They demonstrate the need for an integrated growth and infrastructure strategy in South Simcoe

No public body has set out a detailed and enforceable plan for how Simcoe County -- or any other jurisdiction -- is to grow in the context of the Toronto-related region. While the Province is too large, local authorities are too small. Richard White of the Neptis Foundation notes that "Politically, the region [is] as fragmented as the original metropolitan area [was] before Metro's creation."125

Although the Central Ontario Smart Growth Panel described a region of nodes knit together by a coherent system of transportation corridors, the process by which this high-level sketch can be implemented over a long timeframe is undefined. This is especially true, given the election of a provincial government that has yet to articulate a vision of the desirable future form of the Toronto region.

The current three-level, multi-jurisdiction structure is ill-equipped to manage growth at the scale of the Toronto-related region. The Province is the only body that oversees the entire region, yet planning authority has been delegated to local authorities. The Province has the power to make choices at a regional scale, but its role in the system is reactive rather than proactive. Although ministries can, for example, deny approvals to specific projects as they come forward, the Province engages in policy development at a regional scale only in exceptional circumstances. It remains to be seen whether the large-scale developments in Simcoe County will spark a broader regional policy process on the part of the Province.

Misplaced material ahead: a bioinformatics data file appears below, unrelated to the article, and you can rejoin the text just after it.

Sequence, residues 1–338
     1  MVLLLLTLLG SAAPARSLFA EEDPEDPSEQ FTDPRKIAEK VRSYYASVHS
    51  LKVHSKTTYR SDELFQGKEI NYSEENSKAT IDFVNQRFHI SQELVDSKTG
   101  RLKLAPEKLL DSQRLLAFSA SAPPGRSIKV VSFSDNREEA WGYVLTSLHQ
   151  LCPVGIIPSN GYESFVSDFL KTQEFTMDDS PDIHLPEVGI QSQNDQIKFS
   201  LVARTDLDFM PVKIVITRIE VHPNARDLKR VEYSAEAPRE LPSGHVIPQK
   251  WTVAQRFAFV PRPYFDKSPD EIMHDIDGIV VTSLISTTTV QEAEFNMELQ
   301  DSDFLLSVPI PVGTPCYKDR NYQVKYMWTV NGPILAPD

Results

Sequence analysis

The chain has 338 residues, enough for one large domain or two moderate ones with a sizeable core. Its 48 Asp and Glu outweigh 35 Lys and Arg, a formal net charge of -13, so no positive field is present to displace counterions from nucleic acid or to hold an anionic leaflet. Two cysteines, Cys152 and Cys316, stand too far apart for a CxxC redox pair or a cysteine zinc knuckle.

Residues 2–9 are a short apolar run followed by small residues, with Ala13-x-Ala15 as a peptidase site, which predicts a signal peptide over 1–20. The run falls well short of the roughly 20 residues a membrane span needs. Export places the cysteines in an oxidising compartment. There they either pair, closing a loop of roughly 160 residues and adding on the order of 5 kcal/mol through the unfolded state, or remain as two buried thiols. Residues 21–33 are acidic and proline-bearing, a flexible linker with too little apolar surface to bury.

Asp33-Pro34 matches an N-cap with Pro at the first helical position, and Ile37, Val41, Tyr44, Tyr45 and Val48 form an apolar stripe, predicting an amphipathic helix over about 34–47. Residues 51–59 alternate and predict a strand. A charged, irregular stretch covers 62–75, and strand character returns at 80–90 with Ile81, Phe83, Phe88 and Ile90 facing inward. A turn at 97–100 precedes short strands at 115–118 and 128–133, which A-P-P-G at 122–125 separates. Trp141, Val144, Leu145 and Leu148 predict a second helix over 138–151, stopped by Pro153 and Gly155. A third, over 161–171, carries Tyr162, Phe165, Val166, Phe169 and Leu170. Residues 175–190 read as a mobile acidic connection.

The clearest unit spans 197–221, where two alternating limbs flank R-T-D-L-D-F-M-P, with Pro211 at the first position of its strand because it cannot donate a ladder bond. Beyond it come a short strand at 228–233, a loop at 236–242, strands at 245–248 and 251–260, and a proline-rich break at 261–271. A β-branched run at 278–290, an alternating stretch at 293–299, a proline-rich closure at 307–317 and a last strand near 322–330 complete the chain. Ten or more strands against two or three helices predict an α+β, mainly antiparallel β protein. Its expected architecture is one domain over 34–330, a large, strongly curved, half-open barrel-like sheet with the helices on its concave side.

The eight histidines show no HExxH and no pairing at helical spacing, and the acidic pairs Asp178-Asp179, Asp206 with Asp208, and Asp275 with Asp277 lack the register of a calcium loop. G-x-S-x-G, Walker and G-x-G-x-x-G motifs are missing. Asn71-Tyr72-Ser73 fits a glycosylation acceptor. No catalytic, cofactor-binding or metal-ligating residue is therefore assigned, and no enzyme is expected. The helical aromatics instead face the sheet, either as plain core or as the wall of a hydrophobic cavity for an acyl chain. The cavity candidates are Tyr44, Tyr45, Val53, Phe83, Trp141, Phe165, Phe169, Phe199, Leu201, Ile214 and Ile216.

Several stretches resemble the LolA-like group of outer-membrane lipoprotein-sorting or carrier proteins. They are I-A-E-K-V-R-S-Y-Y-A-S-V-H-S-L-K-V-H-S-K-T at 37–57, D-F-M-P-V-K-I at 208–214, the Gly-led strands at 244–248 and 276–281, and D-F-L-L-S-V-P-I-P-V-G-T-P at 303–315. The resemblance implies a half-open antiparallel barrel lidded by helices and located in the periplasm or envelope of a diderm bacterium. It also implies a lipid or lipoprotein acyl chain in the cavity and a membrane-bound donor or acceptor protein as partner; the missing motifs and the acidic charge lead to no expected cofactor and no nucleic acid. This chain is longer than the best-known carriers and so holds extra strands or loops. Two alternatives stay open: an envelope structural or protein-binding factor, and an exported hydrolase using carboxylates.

While provincial lending made possible the Collingwood-Alliston water pipeline, leading to a substantial increase in Alliston's industrial and residential growth capacity, the investment was clearly not part of a broader growth management strategy for South Simcoe and Barrie within the context of growth in the Toronto-related region.

Further research is required to determine whether growth in Simcoe County is rapid enough for local governments to finance infrastructure the way Metro Toronto did in the 1950s and 1960s, and whether doing so would alter the pattern of development or increase political control over the process.

A fundamental first step, however, is for servicing plans to be approved at the County level. This would require the Province to transfer authority over water and wastewater services from lower-tier municipalities to the County level.

In order for the decision-making process to be meaningful, the issue of unequal representation on the County council must also be addressed. Representation on council in proportion to population is necessary if the County is to develop a political voice of its own in setting county-wide priorities. Everyone agrees that Barrie's explosive growth has effects far beyond its borders. Whether through informal collaboration or institutional change, Barrie and the County must come together to develop an integrated and rational growth strategy for South Simcoe as a whole.

125. White, Richard. Urban Infrastructure and Urban Growth in the Toronto Region 1950s to the 1990s. Neptis Foundation. 2003.